Hostilities had broken out in 1812 after several years of tension as the British attempted to impose a blockade on France to bring down Napoleon by strangling the French economy. To do this the Royal Navy was authorized to harry and stop ships even of neutral nations in case they were attempting to trade with the enemy. This meant primarily the United States, which was fast becoming an economic rival to Britain – the embargo was thus also a useful weapon in limiting American exports. The navy was additionally allowed to board American ships to detain any fugitive British sailors and even to impress American ones into naval service. This was naturally a source of considerable grievance to the young nation which had achieved independence by throwing off British rule only thirty years earlier. There was annoyance and spikiness in the relations between the two countries that had not diminished in the intervening years: exasperation on the British side that their American cousins were undermining the war effort against Napoleonic tyranny – even though only to a very small degree – and resentment among some American politicians that the British were still trying to impose themselves on their country. It is a measure of how unnecessary the war was that the orders in council by which the British government had imposed the sanctions were repealed as counterproductive before the conflict even got under way. British merchants themselves had opposed the embargo as interfering with their own freedom to trade.
But for the American warhawks – those clamouring for war with Britain – there was also a sense of unfinished business. Canada remained part of the British empire and needed to be annexed; but American loyalists had fled north after the War of Independence, and they and the rest of the Canadian population were determined to retain their own independence from the United States. When war finally broke out in 1812, it was regarded as an annoyance and a sideshow by the British government – 'the millstone of an American war,' said Viscount Castlereagh, the foreign secretary – and as an opportunity by those Americans who thought it would be a chance to seize the vast, underpopulated territory stretching along the St Lawrence Seaway to the Great Lakes. The British underestimated the Americans' military capabilities, just as they had during the War of Independence, and the Americans underestimated the British and Canadians' resolve to defend their land. Not all Americans wanted the war – most of New England was opposed because of its effect on their growing export trade – and on their side the British failed to appreciate that they could not consistently enlist the support of the Indian tribes of the Midwest, nor the support of Spanish and French residents in the South, to undermine the American war effort. Many Native American tribes supported the British – more than were on the American side – most prominently the Shawnees of Ohio, led by their charismatic leader Tecumseh, who was killed during a battle in 1813. They generally did so because of their opposition to white settler encroachment and the annexation of their traditional territory, but they could not be persuaded to support the redcoats in prolonged campaigns far from home.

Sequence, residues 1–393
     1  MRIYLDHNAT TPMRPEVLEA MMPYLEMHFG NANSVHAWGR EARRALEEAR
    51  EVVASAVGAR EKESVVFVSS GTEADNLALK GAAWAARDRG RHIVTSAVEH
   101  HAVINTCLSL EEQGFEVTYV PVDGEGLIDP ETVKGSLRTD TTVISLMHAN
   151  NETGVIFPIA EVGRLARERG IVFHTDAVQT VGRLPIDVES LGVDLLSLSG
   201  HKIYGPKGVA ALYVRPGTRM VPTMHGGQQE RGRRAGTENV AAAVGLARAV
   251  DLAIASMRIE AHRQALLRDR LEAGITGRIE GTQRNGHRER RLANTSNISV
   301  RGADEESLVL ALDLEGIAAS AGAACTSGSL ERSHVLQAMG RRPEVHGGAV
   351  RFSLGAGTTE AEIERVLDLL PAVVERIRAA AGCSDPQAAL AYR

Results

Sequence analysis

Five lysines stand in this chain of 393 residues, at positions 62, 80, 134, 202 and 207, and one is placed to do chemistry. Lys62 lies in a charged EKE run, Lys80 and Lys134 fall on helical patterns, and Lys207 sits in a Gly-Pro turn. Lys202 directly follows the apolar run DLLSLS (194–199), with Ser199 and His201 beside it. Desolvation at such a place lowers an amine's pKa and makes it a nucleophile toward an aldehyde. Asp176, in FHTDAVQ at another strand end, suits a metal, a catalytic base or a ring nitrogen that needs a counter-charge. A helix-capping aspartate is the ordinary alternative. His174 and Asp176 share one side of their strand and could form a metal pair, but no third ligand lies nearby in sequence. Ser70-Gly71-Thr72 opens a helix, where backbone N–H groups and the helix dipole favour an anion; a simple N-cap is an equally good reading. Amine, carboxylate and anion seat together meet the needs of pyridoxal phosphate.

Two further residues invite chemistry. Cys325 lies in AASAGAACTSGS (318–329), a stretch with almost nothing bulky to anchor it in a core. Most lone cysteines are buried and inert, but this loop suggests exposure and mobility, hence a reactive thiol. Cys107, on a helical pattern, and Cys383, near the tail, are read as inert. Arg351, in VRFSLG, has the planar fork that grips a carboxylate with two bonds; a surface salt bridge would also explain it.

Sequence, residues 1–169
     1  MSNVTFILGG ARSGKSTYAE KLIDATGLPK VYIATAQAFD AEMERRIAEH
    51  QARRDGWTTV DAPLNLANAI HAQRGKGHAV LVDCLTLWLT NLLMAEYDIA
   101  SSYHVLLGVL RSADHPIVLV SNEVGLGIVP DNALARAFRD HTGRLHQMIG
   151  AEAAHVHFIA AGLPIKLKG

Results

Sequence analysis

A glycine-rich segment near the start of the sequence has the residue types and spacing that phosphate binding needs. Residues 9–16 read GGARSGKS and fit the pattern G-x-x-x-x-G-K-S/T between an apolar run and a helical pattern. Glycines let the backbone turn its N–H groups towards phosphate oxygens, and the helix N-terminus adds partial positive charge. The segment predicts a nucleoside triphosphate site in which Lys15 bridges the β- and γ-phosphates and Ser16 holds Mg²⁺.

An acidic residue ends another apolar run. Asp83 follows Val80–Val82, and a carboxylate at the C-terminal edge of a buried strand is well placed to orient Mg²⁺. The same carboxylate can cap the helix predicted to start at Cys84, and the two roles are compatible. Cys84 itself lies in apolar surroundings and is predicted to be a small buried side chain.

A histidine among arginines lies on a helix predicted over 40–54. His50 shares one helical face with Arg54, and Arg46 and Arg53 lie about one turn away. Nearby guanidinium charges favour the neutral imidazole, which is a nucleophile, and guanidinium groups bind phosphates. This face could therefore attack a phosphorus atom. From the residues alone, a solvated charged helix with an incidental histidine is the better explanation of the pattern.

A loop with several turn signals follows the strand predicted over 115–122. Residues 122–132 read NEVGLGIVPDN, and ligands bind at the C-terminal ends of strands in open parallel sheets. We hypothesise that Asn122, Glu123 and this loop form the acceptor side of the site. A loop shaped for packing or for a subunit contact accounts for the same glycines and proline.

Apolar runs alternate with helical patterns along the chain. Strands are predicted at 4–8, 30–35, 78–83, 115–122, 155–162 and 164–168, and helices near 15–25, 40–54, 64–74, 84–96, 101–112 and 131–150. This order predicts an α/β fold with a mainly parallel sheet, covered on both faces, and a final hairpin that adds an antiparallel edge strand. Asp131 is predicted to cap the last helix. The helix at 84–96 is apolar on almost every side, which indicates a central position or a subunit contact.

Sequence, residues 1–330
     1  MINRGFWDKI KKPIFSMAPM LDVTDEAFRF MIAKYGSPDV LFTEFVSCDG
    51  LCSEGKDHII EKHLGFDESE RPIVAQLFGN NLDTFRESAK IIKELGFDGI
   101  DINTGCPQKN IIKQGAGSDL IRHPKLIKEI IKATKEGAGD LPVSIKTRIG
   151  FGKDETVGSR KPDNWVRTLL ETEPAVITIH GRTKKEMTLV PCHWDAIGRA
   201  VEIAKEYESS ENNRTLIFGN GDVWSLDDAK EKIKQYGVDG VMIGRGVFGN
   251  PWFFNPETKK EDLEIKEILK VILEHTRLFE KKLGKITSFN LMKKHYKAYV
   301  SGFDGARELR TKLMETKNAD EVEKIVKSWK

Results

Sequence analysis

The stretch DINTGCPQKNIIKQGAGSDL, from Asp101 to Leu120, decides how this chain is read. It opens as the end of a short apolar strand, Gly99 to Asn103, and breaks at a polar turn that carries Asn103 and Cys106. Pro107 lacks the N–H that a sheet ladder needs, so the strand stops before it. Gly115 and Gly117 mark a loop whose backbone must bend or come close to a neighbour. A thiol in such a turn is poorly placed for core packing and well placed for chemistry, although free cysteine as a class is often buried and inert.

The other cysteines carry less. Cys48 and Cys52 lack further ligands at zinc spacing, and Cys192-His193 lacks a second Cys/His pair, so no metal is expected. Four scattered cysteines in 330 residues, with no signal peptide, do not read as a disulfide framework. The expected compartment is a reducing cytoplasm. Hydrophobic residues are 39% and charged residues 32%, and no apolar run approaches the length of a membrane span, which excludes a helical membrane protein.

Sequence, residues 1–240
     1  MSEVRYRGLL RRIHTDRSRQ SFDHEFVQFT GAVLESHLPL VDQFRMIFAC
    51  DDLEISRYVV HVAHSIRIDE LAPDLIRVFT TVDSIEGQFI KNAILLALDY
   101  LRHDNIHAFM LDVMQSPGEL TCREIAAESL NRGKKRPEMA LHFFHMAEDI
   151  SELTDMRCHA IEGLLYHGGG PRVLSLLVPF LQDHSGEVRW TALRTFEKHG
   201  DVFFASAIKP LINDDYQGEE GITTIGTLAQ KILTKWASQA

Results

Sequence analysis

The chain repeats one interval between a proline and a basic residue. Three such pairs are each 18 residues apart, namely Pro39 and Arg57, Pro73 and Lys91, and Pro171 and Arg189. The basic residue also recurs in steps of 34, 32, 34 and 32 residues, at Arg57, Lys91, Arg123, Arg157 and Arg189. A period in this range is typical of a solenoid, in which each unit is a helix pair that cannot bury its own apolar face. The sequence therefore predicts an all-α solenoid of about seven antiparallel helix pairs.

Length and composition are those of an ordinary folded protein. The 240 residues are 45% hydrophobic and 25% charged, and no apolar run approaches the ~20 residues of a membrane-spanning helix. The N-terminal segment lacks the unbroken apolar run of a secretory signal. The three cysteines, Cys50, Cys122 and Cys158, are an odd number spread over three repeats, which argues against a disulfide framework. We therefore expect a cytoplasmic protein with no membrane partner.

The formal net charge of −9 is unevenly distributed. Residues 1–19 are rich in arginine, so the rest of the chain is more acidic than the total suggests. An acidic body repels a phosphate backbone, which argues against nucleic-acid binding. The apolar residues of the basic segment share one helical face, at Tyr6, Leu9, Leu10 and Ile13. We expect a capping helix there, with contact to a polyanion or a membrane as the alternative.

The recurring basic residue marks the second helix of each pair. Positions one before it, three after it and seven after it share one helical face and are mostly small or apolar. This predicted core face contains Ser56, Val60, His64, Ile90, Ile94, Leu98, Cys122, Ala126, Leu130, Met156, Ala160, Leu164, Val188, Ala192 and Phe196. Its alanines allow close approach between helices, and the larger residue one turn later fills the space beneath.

Excerpted from 1815 by Stephen Bates. Copyright © 2015 Stephen Bates. Excerpted by permission of Head of Zeus Ltd.
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Table of Contents
Introduction: 'A change in life itself',
Chapter 1: 'A burlesque upon war',
Chapter 2: The peace of Europe,
Chapter 3: 'A fearful interval',
Chapter 4: 'The damnedest millstone',
Chapter 5: 'An idea of the Regions of Pluto',
Chapter 6: 'The Great Wen',
Chapter 7: 'The age of surface',
Chapter 8: 'Lombard Street to a China orange',
Chapter 9: 'Bards, that erst sublimely told',
Chapter 10: 'Hearts beat high to tread the paths of Glory',
Chapter 11: 'A damned nice thing',
Chapter 12: 'Complete darkness covered the face of the day',
Chapter 13: 'Emotions both of rage and fear',
Chapter 14: 'The bravest and most fortunate nation in the world',
About this Book,
About the Author,
Also by this Author,
An Invitation from the Publisher,